By Bea Patel, TLE Property Editor and Director of Shop for an Agent
According to the Aldermore First-Time Buyer Index, getting on the property ladder is ‘extremely difficult’, said nearly four in ten first-time buyers. The two biggest obstacles were raising a large deposit and increasing house prices.
We compare the original monopoly board, just over 80 years old with the new 2016 board created by Barratt London, which features the 22 cheapest boroughs in the capital for first-time buyers.
Interestingly, Old Kent Road and Whitechapel are the only two places on the original board to appear in today’s revised version. In 2016, they’re replaced by Barking and Bexley, the cheapest areas for first-time buyers to purchase a property.
Costing £60, Old Kent Road was once the cheapest spot on the board. To buy a property here today, it would cost you over half a million (£523,230). Barking and Dagenham, the only borough where house prices average below £300,000, has replaced it. The borough, in travel zones four and five is also home to East London’s largest single regeneration project, Barking Riverside delivering 10,800 new homes. Barking is the most affordable of the 22 cheapest boroughs in the capital for first-time buyers.
Old Kent Road in Southwark would now sit in the green group originally held by Oxford Street, Bond Street and Regent Street. The most expensive spaces on the board, properties here average at nearly £631,000.
Bexley, the second most affordable borough in the capital has replaced Whitechapel. In travel zone five, property prices here average at almost £351,000. For commuters, a Southeastern train ride will see you in Central London in 35 minutes – a reasonable commute from outside London.
Whitechapel, once the second cheapest place on the board would now occupy a spot in the yellow group, once home to Piccadilly, Leicester Square and Coventry Street. In the borough of Tower Hamlets, average house prices here are over £600,000 – and out of reach to many first-time buyers trying to get on the property ladder.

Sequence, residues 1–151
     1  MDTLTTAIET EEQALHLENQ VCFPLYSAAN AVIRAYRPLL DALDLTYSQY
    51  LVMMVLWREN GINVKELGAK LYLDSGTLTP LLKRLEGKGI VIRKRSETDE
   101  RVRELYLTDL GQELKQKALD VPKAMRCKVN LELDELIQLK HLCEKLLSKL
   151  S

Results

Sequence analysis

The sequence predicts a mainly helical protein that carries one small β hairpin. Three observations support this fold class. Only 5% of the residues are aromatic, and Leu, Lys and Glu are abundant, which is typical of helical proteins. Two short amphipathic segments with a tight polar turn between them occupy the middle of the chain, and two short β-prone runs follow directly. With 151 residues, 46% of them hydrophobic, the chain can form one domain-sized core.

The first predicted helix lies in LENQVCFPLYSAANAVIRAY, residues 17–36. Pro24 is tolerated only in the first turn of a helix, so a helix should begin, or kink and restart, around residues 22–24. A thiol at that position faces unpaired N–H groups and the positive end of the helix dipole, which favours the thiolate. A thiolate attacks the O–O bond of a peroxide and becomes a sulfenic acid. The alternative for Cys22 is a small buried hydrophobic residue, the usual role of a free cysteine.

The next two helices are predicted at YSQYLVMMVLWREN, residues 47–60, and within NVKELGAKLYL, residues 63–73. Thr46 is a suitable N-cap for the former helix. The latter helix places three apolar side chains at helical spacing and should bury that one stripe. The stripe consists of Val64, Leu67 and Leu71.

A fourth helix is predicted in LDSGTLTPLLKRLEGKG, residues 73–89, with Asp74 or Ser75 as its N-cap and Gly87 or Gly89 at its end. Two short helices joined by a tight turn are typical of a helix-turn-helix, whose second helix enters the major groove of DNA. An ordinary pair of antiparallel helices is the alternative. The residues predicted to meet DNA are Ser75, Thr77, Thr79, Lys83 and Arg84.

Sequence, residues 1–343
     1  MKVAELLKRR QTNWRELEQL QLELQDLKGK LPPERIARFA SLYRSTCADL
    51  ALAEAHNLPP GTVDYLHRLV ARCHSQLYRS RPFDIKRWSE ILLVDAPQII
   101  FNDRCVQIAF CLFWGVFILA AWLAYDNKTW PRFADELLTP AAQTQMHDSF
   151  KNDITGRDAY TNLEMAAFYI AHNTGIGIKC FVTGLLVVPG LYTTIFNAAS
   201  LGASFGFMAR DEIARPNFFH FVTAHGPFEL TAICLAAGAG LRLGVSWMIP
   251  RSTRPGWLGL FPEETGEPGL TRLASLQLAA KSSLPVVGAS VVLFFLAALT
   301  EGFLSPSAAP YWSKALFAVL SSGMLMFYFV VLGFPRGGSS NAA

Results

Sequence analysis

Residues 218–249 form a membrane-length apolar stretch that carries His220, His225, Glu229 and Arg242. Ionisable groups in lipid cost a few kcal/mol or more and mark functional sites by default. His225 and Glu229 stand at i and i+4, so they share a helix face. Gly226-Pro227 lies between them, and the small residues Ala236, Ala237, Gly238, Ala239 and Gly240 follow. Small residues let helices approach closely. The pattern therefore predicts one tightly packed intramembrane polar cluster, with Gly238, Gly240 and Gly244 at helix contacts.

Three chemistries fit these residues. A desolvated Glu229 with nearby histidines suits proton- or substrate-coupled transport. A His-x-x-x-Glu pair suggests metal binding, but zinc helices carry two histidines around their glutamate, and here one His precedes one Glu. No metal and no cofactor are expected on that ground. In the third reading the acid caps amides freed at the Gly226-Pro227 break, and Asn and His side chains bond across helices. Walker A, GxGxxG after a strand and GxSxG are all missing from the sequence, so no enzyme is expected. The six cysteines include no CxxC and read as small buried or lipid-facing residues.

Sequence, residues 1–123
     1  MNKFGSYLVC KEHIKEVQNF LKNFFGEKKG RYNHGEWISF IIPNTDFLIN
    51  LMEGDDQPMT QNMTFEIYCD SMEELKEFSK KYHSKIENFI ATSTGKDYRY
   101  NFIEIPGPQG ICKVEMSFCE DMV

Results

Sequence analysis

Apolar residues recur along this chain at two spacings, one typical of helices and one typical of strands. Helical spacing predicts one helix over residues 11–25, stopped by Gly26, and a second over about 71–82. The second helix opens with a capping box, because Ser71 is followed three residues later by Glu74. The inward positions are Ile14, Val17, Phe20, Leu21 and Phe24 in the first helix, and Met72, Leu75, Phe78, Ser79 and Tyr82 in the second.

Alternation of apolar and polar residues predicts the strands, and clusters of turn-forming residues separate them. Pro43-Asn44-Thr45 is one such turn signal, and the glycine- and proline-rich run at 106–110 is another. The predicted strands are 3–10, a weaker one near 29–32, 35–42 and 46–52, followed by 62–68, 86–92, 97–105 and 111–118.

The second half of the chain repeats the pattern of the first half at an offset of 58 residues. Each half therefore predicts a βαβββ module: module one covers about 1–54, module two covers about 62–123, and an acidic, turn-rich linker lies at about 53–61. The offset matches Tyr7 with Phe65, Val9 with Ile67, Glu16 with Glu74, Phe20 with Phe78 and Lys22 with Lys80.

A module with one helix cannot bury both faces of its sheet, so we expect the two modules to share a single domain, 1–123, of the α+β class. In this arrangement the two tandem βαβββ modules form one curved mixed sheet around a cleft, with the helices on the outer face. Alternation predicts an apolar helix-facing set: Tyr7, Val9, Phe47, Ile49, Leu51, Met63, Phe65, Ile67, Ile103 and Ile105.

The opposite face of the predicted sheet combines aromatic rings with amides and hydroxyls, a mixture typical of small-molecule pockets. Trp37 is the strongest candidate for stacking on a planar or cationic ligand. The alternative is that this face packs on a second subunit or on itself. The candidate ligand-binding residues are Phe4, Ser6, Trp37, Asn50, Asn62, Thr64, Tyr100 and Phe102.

At the other end of the affordability scales, Mayfair is the most expensive place on the board. Costing £400 on the original board, properties here will now cost you over a whopping £3m (£3,092,166).
Also on the board are the blue clusters, once home to The Angel Islington, Euston Road and Pentonville Road. In 2016, the boroughs of Newham and Havering in East London and Croydon in South London now occupy these spaces. Average house prices here are between £318,000 and £430,000 and towards the cheaper scale of the boroughs on the board.
A train ride from East Croydon station in travel zone five would get you into London Bridge station in 22 minutes. Canning Town, in zones two and three in Newham would get you into London Bridge on the Jubilee line in just 12 minutes. New research also reveals it’s the most affordable property hotspot along the new 24-hour night tube route. On the fast TFL Rail, Romford in zone six in Havering would see you in London Liverpool street in 17 minutes. The south of this borough is also within the London Riverside regeneration area.
With the battle first-time buyers face to get onto the property ladder, the blue cluster on the board may be more affordable. It also has good transport links, which is ideal for commuters.
The price of properties across the new 2016 board range from £244,326 in Barking to £582,202 in Southwark. With the increasing popularity of London and the rising house prices, how could the board change in the next 80 years?